`ti. The key member in accordance with claim 2 wherein said strip is metal and includes a plurality of transverse notches formed in at least one longitudinal edge thereof whereby said strip is exible.

7. An assembly comprising:

(a) rst and second tubular members having coaxially telescoped end portions;

(b) first wall means forming a radially outward facing circumferential groove on the outer surface of said rst tubular members;

(c) second wall means forming a radially inward facing circumferential groove on the inner surface of said second tubular member, the grooves on said iirst and second tubular members being in confronting relationship to thereby define a channel, said channel circumscribing the longitudinal axis of the tubular members;

(d) at least one opening formed in the wall of said second tubular member, said opening communicating with said channel when said first and second tubular members are in the telescoped condition; and

(e) at least one key member inserted through the opening in said second tubular member and into the channel to thereby prevent relative axial movement of said first and second tubular members, said key member comprising in transverse cross-section, a multi-sided strip having at least some of the sides thereof positioned in planes that are at an acute angle not greater than 45 to the longitudinal axis of said first and second tubular members, at least two other sides of said strip being radially spaced apart and positioned in planes that are substantially parallel to the longitudinal axis of said rst and second tubular members, the parallel plane sides of said strip being longer than the sides of said strip that are positioned in planes at an acute angle to the longitudinal axis of said rst and second tubular members and wherein said channel is substantially complementary to said key member.

8. The assembly' in accordance with claim 7 wherein the sides of said strip define, in transverse cross-section, an hexagonal polygon.

9. The assembly in accordance with claim 8 where said key member is flexible.

10. The assembly in accordance with claim 8 wherein said first and second tubular members are made from resin bonded glass fibers.

11. The assembly in accordance with claim 8 wherein two of the vertices of said hexagonal polygon are spaced apart axially with respect to the longitudinal axis of said rst and second tubular members, the dimension between the axially spaced apart vertices being greater than the dimension between the radially spaced apart parallel plane sides.

12. The key member in accordance with claim 8 wherein said strip is plastic and includes a plurality of transverse notches formed in at least one longitudinal edge thereof whereby said strip is ilexible.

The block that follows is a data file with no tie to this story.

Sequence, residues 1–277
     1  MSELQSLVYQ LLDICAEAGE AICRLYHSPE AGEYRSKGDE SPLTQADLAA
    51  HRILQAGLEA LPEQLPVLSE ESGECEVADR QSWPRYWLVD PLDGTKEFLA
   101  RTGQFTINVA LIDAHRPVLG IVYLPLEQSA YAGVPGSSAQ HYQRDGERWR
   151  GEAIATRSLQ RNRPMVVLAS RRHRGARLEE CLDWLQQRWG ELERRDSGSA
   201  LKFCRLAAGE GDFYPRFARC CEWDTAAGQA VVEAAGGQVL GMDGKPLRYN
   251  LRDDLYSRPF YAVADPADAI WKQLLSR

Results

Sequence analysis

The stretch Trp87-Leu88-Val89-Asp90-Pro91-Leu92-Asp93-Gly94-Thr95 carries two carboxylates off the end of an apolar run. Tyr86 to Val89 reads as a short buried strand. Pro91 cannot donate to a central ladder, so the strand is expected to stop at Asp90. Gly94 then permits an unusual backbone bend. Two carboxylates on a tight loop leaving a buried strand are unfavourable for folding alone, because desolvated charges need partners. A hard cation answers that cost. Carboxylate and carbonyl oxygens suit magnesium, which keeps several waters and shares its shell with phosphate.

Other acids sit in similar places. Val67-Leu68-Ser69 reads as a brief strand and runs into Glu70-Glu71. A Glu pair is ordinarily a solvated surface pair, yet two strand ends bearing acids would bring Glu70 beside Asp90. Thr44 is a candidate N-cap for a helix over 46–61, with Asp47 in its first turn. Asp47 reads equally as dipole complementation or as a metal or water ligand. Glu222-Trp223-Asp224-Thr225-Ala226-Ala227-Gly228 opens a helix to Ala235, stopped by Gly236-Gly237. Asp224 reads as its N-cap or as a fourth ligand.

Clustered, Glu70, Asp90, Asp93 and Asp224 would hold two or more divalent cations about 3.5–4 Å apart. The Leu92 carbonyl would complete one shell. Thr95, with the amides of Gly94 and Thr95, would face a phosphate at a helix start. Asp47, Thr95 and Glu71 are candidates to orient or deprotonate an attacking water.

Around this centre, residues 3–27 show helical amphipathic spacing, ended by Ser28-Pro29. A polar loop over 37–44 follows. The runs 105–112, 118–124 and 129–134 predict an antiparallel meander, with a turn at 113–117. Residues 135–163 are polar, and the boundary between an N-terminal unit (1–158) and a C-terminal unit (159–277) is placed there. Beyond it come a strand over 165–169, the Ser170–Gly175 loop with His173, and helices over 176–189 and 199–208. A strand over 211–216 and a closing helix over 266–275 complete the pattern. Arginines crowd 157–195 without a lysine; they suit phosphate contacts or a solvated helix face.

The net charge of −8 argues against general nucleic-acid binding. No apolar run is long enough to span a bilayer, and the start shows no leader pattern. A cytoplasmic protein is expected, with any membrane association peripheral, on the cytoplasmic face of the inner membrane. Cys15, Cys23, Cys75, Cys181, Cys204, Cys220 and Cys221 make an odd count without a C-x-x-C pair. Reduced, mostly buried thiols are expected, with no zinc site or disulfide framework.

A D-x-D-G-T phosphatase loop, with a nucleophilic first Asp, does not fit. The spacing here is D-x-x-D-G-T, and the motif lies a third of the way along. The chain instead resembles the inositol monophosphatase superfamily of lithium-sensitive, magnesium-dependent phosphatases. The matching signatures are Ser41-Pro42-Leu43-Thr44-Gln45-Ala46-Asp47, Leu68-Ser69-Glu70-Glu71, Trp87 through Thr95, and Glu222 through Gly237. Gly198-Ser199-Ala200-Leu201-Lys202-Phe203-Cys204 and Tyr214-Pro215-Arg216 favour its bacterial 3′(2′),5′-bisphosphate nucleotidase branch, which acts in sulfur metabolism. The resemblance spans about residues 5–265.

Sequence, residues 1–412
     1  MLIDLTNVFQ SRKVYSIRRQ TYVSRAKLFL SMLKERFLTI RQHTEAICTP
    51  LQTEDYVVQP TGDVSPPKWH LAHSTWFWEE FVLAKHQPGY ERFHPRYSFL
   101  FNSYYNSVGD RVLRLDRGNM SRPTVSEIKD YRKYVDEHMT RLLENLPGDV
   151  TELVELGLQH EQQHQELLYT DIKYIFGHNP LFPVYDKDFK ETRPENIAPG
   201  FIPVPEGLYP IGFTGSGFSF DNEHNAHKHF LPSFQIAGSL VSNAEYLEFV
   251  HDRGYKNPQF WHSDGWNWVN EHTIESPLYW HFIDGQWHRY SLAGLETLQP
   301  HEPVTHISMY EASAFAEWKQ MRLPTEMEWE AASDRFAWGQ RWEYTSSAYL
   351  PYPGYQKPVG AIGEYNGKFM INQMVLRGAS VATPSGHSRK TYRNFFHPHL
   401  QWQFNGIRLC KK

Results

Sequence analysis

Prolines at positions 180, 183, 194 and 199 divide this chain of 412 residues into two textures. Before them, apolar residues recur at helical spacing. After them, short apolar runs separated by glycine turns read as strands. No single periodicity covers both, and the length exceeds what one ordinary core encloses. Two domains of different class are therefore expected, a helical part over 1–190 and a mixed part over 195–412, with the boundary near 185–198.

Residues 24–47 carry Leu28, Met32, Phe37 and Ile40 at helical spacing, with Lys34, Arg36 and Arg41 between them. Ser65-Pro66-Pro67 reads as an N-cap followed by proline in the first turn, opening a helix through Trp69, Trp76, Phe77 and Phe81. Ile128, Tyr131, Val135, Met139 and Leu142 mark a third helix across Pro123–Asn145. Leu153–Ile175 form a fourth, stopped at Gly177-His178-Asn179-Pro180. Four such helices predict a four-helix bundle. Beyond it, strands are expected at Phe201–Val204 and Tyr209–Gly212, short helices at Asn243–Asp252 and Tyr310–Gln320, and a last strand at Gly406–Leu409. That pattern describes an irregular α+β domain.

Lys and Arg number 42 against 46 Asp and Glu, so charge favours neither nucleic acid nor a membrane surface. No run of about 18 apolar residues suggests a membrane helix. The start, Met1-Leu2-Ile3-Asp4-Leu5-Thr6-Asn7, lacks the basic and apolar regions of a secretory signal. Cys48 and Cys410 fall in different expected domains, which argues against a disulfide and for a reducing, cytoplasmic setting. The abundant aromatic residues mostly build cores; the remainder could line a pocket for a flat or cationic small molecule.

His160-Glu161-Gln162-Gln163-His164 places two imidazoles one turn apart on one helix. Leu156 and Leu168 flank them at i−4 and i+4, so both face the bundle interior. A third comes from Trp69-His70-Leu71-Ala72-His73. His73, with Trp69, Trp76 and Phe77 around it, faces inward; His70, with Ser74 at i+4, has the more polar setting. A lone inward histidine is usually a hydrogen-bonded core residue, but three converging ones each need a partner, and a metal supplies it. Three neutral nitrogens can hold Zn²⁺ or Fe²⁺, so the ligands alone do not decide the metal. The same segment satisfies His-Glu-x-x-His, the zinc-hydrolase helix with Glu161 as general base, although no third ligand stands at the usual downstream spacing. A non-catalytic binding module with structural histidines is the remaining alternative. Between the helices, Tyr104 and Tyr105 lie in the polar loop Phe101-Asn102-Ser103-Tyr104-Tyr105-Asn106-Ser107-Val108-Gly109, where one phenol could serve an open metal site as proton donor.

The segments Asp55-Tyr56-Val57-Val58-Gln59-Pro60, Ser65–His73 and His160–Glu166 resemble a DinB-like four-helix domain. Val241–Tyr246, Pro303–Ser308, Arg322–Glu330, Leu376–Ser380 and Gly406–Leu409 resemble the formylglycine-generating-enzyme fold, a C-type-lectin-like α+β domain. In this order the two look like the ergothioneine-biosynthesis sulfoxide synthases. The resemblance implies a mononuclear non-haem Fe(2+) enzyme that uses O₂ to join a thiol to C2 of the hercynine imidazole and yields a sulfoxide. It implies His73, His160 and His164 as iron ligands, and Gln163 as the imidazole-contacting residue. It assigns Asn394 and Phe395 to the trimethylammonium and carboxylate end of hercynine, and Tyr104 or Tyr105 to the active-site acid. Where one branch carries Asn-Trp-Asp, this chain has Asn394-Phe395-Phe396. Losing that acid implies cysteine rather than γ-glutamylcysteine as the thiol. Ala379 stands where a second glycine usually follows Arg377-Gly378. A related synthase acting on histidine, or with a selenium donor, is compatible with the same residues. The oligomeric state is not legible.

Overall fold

13. The key member in accordance with claim 8 wherein said strip is metal and includes a plurality of transverse notches formed in at least one longitudinal edge thereof whereby said strip is flexible.

14. The assembly in accordance with claim y3 wherein at least one of said tubular members includes a second circumferential groove positioned intermediate said first groove and the end of said one tubular member, there being an O-ring positioned in said second groove in sealing relationship with the confronting surface of said other tubular member.

15. The assembly in accordance with claim 14 wherein said second groove is formed in the outer surface of said first tubular member.

References Cited UNITED STATES PATENTS 408,835 8/1889 Grafton 285-305 3,388,932 6/1968 Bradley 285-423X 3,502,356 3/ 1970 Schmunk 285-47X FOREIGN PATENTS 1,310,712 10/1962 France 285-305 1,397,378 3/ 1965 France 285-305 390,210 2/1924 Germany 287--53L-K 1,097,192 12/ 1967 Great Britain 285-305 DAVE W. AROLA, Primary Examiner U.S. Cl. X.R.

ZES-423

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Classifications
U.S. Classification285/305, 285/423
International ClassificationF16L37/00, F16L37/14
Cooperative ClassificationF16L37/148
European ClassificationF16L37/14B3
Legal Events
DateCodeEventDescription
Feb 8, 1988ASAssignment
Owner name: SMITH FIBERGLASS PRODUCTS INC., 2700 W. 65TH STREE
Free format text: ASSIGNMENT OF ASSIGNORS INTEREST.;ASSIGNOR:KOCH ENGINEERING COMPANY, INC.,;REEL/FRAME:004833/0983
Effective date: 19871231
Owner name: SMITH FIBERGLASS PRODUCTS INC., A DE. CORP.,ARKA
Free format text: ASSIGNMENT OF ASSIGNORS INTEREST;ASSIGNOR:KOCH ENGINEERING COMPANY, INC.,;REEL/FRAME:4833/983
Free format text: ASSIGNMENT OF ASSIGNORS INTEREST;ASSIGNOR:KOCH ENGINEERING COMPANY, INC.,;REEL/FRAME:004833/0983
Aug 5, 1983ASAssignment
Owner name: KOCH ENGIEERING COMPANY, INC., 4111 EAST 37TH ST.,
Free format text: ASSIGNMENT OF ASSIGNORS INTEREST.;ASSIGNOR:FIBERGLASS RESOURCES CORPORATION;REEL/FRAME:004154/0265
Effective date: 19830728
Aug 5, 1983AS02Assignment of assignor's interest
Owner name: FIBERGLASS RESOURCES CORPORATION
Effective date: 19830728
Owner name: KOCH ENGIEERING COMPANY, INC., 4111 EAST 37TH ST.,